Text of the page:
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What route did the Vikings take to get to Constantinople?
A medieval trade route extending from Scandinavia through Kyivan Rus’ to the Byzantine Empire, mentioned in chronicles as the route ‘from the Varangians to the Greeks. ‘ The trade route consisted of a series of waterways and portages covering nearly 3,000 km from the Baltic (‘Varangian’) Sea to the Black Sea.
Where is the Black Sea trade route?
As a port on the Ancient Silk road then and as a gateway to Russia, Ukraine, Georgia, Azerbaijan and Asia nowadays, Trabzon constitutes “a junction of the routes that link central Asia and India over Persia to Mediterranean, leading to Europe through the straits and Aegean Sea, and to Eastern Europe and Russia by …
How did the Vikings get to the Black Sea?
The ships used by the Vikings were vitally important to their trading and enabled them to reach far-flung destinations. From the trading town of Birka and from Gotland they sailed across the Baltic, then along the East European and Russian rivers, reaching as far as the Black Sea and the Caspian Sea.
Did Vikings sail the Volga River?
The powerful Volga Bulgars (cousins of today’s Balkan Bulgarians) formed a seminomadic confederation and traded through the Volga river with Viking people of Rus’ and Scandinavia (Swedes, Danes, Norwegians) and with the southern Byzantine Empire (Eastern Roman Empire) Furthermore, Volga Bulgaria, with its two cities …
Did Vikings go to Byzantium?
The Varangian Guard fought in every major Byzantine campaign—from Sicily to the Holy Land—until Constantinople was captured by Crusaders in 1204. Visitors to one of the most famous sites in the city now known as Istanbul can see that the Vikings left their mark on Constantinople—literally.
Did Vikings work as mercenaries?
Vikings often made promising mercenaries, as long as a ruler had money to pay them, for Viking mercenaries did not discriminate in whom they attacked based on religion, ethnicity, or the motivation of their employer.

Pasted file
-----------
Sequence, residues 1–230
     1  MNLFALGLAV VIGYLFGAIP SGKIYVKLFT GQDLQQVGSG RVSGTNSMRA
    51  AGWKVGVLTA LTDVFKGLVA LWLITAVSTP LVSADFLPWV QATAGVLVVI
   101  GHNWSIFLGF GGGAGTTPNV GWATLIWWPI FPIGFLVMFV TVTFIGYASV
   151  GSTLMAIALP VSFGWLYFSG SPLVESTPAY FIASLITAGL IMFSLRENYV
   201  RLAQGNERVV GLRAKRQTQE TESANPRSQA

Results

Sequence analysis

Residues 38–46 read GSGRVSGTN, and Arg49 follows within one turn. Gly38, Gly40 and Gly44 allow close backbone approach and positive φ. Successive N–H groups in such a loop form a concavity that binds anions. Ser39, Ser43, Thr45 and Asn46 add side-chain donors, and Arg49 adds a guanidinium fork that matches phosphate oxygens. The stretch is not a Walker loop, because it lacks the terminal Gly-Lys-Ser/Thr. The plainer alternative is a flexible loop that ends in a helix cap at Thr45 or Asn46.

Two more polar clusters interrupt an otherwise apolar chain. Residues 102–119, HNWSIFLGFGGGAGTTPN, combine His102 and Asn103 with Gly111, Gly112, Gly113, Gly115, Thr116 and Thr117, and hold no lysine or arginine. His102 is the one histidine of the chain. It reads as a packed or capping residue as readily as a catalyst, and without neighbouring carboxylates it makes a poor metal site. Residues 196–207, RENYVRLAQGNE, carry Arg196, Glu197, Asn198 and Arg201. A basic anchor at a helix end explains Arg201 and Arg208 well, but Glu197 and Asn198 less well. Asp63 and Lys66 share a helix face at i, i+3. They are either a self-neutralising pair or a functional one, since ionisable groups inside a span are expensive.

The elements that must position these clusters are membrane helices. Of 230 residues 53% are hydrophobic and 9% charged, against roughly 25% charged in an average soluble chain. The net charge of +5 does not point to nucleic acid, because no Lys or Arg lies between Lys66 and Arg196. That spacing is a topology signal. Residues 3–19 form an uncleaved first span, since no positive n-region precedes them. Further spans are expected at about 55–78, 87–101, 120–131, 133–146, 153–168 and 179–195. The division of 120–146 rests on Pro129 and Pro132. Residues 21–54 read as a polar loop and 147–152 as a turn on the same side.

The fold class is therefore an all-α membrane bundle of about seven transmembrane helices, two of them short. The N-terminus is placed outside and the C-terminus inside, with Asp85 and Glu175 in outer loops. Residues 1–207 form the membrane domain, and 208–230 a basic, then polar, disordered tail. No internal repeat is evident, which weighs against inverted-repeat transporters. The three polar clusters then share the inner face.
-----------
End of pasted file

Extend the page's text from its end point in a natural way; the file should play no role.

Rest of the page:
Why was the Black Sea important for trade?
The Black Sea is an important year-round transportation artery, linking the eastern European countries with world markets. Istanbul on the Sea of Marmara is Turkey’s main port, while the Danube acts as a huge trade artery for the Balkan countries.
Which rivers did the Vikings use?
To the east, the networks of the vast Dnieper and Volga rivers gave Scandinavians access to the heartlands of modern Russia and Ukraine. The shallow-draught boats that allowed the Norse to strike at the heart of Francia and Anglo-Saxon England were ideal for long-haul trips down these river systems.
Did Vikings fight Russia?
For four centuries, Vikings held sway over parts of Russia, Belarus and Ukraine, with the greatest expansion happening under Prince Oleg the Prophet. For four centuries, Vikings held sway over parts of Russia, Belarus and Ukraine, with the greatest expansion happening under Prince Oleg the Prophet.
When did the Vikings invade the Byzantine Empire?
In 988 AD, Byzantine Emperor, Basil II, formed the Varangian Guard, an army of Vikings to serve as his personal bodyguards. Being emperor of the Byzantine Roman Empire was not easy, assassinations were common, many times by the very soldiers whose job it was to protect the emperor.
Where did the Vikings settle in the Baltic Sea?
The Vikings settled coastal areas along the Baltic Sea, and along inland rivers in Russian territories such as Staraya Ladoga, Novgorod and along major waterways to the Byzantine Empire.
Why did the Vikings want to go to Constantinople?
The Vikings coveted Constantinople but could never breach its walls. Only by becoming the personal bodyguards of the Byzantine emperor did the Nordic warriors grab a piece of its wealth.
Where was the Volga River used as a trade route?
Nicholas Roerich: Through a Portage (1915) In the Middle Ages, the Volga trade route connected Northern Europe and Northwestern Russia with the Caspian Sea and the Sasanian Empire, via the Volga River. The Rus used this route to trade with Muslim countries on the southern shores of the Caspian Sea, sometimes penetrating as far as Baghdad.